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EXECUTIVE SUMMARY AND RECOMMENDATIONS 7 to more formal and aggressive transfer of biotechnology. The shift has promoted collaborative research relationships between pub- licly supported scientists in universities and federal laboratories and those in the private sector. Consultancies, affiliate programs, grants, consortia, research parks, and other forms of partnership between the public and private sectors foster communication and technology transfer. The scientific advances that made biotechnology possible came out of basic research funded mainly by the federal government and carried out primarily at universities. Research in other nations has also made valuable contributions to this area of science. In contrast, industry's support for basic research is quite limited and cannot be expected to compensate for a reduction in federal funding. Thus, continued research efforts at universities remain highly dependent on federal and state governments for support. Patenting, licensing, and regulatory issues are all areas that affect the rate and cost of technology transfer. In agricultural biotechnology, technology transfer has been hindered by federal government delays in implementing a mechanism to regulate en- vironmental testing of the products of biotechnology. Although patent policy has been modified at the federal level to overcome obstacles that had kept government- and university-sponsored re- search from being commercially exploited, many government and university institutions retain policies that inhibit the transfer of technology to industry. Of particular importance in technology transfer from federal laboratories will be implementation of the Federal Technology Transfer Act of 1986. RECOM1~:NDATIONS Biotechnology offers both challenge and tremendous opportu- nity. The Committee on a National Strategy for Biotechnology in Agriculture recommends the following actions as constructive steps in developing and implementing a strategy to utilize biotech- nology to improve U.S. competitiveness in agricultural production. Such a strategy addresses not only the science aspects of biotech- nology, but also the policy areas of funding and institutions, train- ing, and technology transfer. ,i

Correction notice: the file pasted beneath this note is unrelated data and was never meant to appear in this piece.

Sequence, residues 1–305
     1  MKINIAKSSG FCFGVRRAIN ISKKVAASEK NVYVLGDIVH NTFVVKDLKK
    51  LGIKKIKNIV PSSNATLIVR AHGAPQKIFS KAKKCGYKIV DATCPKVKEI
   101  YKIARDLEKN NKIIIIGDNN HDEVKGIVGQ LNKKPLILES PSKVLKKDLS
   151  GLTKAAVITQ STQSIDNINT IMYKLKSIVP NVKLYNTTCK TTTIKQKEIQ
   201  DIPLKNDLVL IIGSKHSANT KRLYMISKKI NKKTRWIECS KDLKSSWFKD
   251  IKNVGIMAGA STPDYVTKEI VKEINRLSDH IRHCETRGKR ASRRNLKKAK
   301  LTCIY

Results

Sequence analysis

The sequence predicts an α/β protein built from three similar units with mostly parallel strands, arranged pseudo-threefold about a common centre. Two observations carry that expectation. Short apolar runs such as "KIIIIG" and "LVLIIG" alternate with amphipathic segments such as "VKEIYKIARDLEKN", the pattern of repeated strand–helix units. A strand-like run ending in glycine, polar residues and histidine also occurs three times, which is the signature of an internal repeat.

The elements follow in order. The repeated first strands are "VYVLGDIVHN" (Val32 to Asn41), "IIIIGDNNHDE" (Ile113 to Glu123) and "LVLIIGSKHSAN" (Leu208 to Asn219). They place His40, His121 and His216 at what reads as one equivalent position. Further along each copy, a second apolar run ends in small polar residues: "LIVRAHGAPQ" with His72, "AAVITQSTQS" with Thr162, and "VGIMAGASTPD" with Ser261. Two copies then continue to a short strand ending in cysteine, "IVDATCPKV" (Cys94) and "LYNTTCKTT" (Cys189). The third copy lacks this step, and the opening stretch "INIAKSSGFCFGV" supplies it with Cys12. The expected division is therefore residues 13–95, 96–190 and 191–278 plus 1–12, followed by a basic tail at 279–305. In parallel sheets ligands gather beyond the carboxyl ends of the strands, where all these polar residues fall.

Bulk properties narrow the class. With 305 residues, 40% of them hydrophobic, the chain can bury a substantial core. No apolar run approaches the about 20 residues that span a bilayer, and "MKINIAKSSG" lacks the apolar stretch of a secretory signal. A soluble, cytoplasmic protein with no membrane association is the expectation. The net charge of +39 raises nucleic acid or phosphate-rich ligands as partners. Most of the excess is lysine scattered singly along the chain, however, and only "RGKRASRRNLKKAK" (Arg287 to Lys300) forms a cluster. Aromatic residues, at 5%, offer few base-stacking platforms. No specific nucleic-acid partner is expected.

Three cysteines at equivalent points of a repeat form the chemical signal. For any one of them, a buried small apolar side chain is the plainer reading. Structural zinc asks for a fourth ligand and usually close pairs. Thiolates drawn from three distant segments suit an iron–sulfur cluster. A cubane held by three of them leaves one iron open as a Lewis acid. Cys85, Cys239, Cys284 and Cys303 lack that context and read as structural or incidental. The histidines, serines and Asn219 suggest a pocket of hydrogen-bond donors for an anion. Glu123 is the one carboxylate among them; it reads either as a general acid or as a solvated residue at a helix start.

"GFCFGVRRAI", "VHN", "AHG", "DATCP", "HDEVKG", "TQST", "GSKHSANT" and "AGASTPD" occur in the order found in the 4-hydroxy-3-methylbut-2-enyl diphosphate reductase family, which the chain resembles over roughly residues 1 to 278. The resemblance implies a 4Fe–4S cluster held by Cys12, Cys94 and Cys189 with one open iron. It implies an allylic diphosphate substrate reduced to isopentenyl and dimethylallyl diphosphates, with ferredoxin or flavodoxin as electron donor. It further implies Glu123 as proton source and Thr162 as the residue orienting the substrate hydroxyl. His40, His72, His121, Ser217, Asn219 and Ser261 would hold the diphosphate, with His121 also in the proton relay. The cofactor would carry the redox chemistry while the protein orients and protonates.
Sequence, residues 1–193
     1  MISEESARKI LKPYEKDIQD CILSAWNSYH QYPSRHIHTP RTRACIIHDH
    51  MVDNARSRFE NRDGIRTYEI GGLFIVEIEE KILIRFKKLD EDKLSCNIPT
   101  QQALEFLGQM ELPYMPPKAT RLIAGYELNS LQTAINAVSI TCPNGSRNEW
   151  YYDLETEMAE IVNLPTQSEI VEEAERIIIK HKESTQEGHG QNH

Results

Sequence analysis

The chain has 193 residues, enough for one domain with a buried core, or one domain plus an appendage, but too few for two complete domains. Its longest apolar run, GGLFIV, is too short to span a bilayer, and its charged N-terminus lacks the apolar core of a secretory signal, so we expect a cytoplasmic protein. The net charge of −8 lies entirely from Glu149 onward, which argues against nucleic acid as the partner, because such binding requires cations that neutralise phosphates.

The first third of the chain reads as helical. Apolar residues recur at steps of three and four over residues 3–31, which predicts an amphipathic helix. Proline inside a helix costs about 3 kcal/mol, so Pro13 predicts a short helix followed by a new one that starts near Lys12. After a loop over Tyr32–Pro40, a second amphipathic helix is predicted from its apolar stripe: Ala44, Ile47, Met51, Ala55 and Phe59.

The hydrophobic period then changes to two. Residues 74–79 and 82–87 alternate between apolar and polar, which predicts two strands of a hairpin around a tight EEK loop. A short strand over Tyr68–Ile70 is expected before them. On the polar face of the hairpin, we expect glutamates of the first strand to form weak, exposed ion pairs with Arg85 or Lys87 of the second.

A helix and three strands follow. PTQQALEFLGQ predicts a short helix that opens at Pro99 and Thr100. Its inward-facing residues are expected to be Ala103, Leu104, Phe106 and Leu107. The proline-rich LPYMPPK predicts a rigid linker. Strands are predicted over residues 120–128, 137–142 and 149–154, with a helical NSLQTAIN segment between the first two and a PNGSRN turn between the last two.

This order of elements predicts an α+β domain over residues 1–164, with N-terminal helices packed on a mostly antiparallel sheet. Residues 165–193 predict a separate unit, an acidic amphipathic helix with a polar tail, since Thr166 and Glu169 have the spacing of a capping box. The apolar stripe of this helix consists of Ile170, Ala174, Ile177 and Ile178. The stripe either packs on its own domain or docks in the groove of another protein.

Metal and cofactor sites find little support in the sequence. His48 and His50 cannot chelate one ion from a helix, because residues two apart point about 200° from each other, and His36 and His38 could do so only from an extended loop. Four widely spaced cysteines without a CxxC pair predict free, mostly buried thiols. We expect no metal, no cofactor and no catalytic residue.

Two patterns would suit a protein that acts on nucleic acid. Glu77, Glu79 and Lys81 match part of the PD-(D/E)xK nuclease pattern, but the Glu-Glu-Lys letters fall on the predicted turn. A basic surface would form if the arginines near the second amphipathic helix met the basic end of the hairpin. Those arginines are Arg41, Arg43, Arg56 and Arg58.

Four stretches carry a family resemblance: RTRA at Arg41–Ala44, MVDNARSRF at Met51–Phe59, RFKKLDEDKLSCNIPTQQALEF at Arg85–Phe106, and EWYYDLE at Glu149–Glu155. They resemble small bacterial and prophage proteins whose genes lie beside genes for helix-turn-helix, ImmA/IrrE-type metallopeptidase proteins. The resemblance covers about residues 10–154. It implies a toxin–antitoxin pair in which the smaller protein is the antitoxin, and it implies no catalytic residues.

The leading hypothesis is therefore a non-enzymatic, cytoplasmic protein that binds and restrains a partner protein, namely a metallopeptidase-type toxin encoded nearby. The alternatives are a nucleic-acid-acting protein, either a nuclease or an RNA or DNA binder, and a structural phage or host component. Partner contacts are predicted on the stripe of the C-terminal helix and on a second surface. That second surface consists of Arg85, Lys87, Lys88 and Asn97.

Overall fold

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8 AGRICULTURAL BIOTECHNOLOGY Scientific Aspects INCREASED EMPHASIS ON BASIC RESEARCH Basic research programs in physiology, biochemistry, genet- ics, and molecular biology within agricultural disciplines such as agronomy, entomology, and animal science need to be strengthened and in many cases redirected to questions of identifying genes and understanding the regulation of their expression. Just as an enor- mous information base has provided a substructure for sweeping advances in biomedical science, a similar foundation of knowledge is now needed about the basic biochemistry, physiology, and ge- netics of such agricultural subjects as host-pathogen interactions, plant and animal developmental responses to environmental stim- uli, enzymes and metabolic pathways, and molecular constituents and their patterns of organization in subcellular organelles. Ac- quiring such knowledge will affect the rate at which agriculturally valuable genes can be identified, isolated, and characterized, and is a prerequisite for anolvinF the tools of hint.~rkn~l~`r t.n z.~rir,~l tural problems. Or r -a -ice ~_ O ~O IMPROVED TECHNIQUES AND APPLICATIONS The repertoire of molecular biology and cell culture techniques needed to implement advances in genetic engineering is incomplete. Methods for gene transfer in many plants, animals, and microbes; plant cell culture and regeneration; and animal embryo culture and manipulation are inadequate to support the goal of improving agricultural productivity. Increased efforts are needed to apply techniques developed for laboratory organisms to those plants, animals (including insects), and microbes relevant to agriculture. A national effort should be mounted by both public and pri- vate sectors to apply techniques of biotechnology to problems in the agricultural sciences. This effort should include research on: . Gene identification locating and identifying agriculturally important genes and creating chromosome maps. . Gene regulation understanding the regulation and expres- sion of these genes and refining methods by which they may be genetically engineered.